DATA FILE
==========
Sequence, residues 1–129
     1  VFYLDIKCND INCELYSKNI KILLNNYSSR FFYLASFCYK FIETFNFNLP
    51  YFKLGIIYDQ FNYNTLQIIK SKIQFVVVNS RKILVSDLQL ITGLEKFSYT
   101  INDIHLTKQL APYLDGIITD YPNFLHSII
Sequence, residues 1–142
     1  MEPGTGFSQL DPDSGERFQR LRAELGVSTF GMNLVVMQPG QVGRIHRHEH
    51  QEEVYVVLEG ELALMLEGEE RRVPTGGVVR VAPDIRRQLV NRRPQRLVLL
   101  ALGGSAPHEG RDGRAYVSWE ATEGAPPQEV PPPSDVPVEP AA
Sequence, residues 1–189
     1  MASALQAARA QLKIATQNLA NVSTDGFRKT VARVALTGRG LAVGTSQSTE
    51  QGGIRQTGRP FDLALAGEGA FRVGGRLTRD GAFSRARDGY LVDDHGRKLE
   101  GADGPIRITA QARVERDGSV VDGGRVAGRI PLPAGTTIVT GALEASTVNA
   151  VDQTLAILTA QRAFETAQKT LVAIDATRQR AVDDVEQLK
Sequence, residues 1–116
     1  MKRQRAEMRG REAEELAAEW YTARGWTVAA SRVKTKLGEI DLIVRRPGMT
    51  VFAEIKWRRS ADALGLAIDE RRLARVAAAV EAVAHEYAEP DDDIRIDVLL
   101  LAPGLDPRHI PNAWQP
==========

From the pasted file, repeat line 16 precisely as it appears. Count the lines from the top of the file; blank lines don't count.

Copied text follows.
    51  VFAEIKWRRS ADALGLAIDE RRLARVAAAV EAVAHEYAEP DDDIRIDVLL